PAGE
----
Live review from Compilation CD 5 Launch Party A:

IMG_3736wtmk.jpg Setlist:

1. Better

2. Way Too Long

3. I Am Gone

4. Even Flow (Pearl Jam cover)

5. Lost City

Audiotraffic is one of those bands whose name I have only ever heard mentioned with more than a little nostalgia for when they were properly around. They also appear to have the ability to induce lunacy in people, as evidenced by this testimony from a certain sprightly madwoman. In either case, from what I’ve heard on their album and the slightly morphed version of the band that is Ovary Overdrive, their sound is right up the alley of anyone that was in love with 90s rock, which thoroughly implicates me. It helps that the musicianship in the band is top-notch but subtle – you realise how good they are without them having to shove the fact in your face. It’s a self-effacing fact that you may happen to notice just as you’re drowning in the last discomfiting, echoing chord that was played and you realise that the bass has slowly taken over the throttle. Or you might realise that the second that drummer Ferdie is given an inch and he pulls out a crazy piece of timing deflection from nowhere, all the while moving chameleon-like between sounding like Jimmy Chamberlin and Dennis Thompson.

But possibly the coolest thing about the band is their Alice in Chains-ish tendency for finding notes that make you uncomfortable in juuuust the right way but without overstating the case. (Note that this is different from the discomfort you feel when someone, say, misses a note or when styles clash.) The ethereal tones of the lead guitar help a lot, especially when there’s some muscle underneath (added, on the night, by Bryant from STW). It’s the lean-and-mean-yet-somehow-still-rich emotional oil-painting style that Blur perfected, and they definitely make it work. As if their sound wasn’t perfect enough, they pushed the last domino over with their cover of Even Flow and did it well (hook, line and sinker, all in one). Way too Long brought out some of the Steve Turner-style minimalist blues in the solo, but had some light touches of almost math rock-like rich guitar work, proving that you don’t have to browbeat a song into having a strong effect. I Am Gone had some really busy drums and an almost headbang-ey rhythm.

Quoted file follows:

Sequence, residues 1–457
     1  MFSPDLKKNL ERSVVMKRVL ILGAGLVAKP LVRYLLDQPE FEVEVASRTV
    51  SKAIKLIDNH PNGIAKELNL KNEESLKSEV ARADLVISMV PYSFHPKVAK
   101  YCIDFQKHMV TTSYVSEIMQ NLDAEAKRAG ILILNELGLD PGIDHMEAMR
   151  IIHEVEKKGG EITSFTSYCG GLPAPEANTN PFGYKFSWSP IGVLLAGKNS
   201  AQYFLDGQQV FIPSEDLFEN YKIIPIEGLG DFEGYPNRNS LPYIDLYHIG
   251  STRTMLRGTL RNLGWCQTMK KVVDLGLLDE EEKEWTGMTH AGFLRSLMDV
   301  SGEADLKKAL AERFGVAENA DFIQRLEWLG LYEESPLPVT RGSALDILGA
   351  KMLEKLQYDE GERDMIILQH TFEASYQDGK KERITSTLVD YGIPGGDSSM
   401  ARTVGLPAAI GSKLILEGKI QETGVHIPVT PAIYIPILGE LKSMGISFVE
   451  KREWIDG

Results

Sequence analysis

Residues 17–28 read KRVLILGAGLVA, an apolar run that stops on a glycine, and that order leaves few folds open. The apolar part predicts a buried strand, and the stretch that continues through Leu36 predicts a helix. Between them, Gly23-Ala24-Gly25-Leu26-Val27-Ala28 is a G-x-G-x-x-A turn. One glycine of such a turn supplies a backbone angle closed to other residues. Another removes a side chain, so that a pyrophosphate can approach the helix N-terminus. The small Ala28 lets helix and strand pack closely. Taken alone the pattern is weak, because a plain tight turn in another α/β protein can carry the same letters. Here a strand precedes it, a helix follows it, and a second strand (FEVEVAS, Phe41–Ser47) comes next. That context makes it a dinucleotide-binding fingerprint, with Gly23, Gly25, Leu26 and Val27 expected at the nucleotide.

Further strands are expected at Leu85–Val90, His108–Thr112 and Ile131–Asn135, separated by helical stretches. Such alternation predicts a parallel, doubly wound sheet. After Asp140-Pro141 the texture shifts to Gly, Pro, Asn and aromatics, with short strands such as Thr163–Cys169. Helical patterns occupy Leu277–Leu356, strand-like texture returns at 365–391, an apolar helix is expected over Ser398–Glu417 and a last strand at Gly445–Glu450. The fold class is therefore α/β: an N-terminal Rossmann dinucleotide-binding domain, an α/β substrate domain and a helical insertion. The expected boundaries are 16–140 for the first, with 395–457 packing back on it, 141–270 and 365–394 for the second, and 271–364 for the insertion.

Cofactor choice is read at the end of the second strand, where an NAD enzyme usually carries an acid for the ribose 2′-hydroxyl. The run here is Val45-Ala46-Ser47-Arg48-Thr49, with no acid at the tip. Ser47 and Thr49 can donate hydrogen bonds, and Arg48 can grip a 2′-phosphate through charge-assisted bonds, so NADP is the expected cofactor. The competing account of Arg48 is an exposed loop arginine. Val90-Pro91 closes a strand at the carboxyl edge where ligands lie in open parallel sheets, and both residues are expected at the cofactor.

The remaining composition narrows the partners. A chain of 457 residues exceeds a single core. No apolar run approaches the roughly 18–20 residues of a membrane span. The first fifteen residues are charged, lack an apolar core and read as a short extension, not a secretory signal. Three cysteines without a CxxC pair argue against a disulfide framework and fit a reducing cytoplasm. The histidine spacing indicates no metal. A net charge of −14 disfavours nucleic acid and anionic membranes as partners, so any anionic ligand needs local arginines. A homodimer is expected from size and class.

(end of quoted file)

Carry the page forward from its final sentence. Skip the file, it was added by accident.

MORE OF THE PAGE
Now, I’ll spare you the every minute insignificant detail about the Even Flow cover that I want to describe, but it was interesting to hear the song being played by a drummer who plays ever-so-slightly behind the beat (unlike Abbruzzesse, who plays a bit before it). Odd, but interesting. He made up for that lag by a mind-blowing yet still-relaxed-feeling drum solo, which is comparable to every live version of the song I’ve ever heard (and that’s a LOT of versions). My only complaint is that they were slight lazy with replicating the riff, but that’s a minor thing. Lost City, with its sparkly guitars playing some really shreddy parts, did what any good band that came after the Smashing Pumpkins should do, which is to play a grindingly hard melody delicately and really earning any headbang-ey moments that you want to put in there. A terrific song to end a terrific set. If there was ever a band in HK that needed to seriously consider going Mach II, this is one of them.

— Shashwati Kala


Live Review from Underground 56:

Their performance at Underground 56 was the usual quality and tism-inducing experience of happiness every indie audience member gleefully knows it will be. From the sound test you knew they were going to play loud and, with awesome Shepherds The Weak bassist Glen and Ferdie Best Drummer in the Universe on drums, it wasn’t going to figure any other way. That skinny drummer guy has a slight frame but somehow packs a big punch. He must have two or three adrenal glands producing six times as much adrenaline as the rest of us. The performance was a swirling mix of guitars and crashing, unrelentless rhythms, overlaid by Adrian’s vocals. Hmmm, Adrian’s vocals. Sorry, did I already say that?

Adrian da Silva’s voice is the eighth wonder of the world. He alternates producing such fragile sounds with high-intensity screamed passion. His versatile, perfect delivery has you holding your breath in wonder and tuned in intently so that you don’t miss one single precious utterance. Those sustained holds he puts on words is something all his own and just another artful dimension to their sound. Eddie Vedder had that kind of thing happening, too.